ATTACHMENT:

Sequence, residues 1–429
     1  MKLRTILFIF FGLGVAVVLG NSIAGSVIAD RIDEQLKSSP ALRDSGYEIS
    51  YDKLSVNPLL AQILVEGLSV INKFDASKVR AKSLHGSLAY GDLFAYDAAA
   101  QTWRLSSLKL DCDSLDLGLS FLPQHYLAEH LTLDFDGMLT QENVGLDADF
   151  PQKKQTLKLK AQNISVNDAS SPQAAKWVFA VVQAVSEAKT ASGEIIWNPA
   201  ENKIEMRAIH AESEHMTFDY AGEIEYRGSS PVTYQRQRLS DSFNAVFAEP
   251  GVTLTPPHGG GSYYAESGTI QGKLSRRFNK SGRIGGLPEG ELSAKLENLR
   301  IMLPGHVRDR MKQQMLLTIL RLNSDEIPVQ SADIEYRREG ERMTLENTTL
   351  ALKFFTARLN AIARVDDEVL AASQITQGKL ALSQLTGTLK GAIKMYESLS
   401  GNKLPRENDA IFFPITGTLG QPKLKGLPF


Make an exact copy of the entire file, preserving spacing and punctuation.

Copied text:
Sequence, residues 1–429
     1  MKLRTILFIF FGLGVAVVLG NSIAGSVIAD RIDEQLKSSP ALRDSGYEIS
    51  YDKLSVNPLL AQILVEGLSV INKFDASKVR AKSLHGSLAY GDLFAYDAAA
   101  QTWRLSSLKL DCDSLDLGLS FLPQHYLAEH LTLDFDGMLT QENVGLDADF
   151  PQKKQTLKLK AQNISVNDAS SPQAAKWVFA VVQAVSEAKT ASGEIIWNPA
   201  ENKIEMRAIH AESEHMTFDY AGEIEYRGSS PVTYQRQRLS DSFNAVFAEP
   251  GVTLTPPHGG GSYYAESGTI QGKLSRRFNK SGRIGGLPEG ELSAKLENLR
   301  IMLPGHVRDR MKQQMLLTIL RLNSDEIPVQ SADIEYRREG ERMTLENTTL
   351  ALKFFTARLN AIARVDDEVL AASQITQGKL ALSQLTGTLK GAIKMYESLS
   401  GNKLPRENDA IFFPITGTLG QPKLKGLPF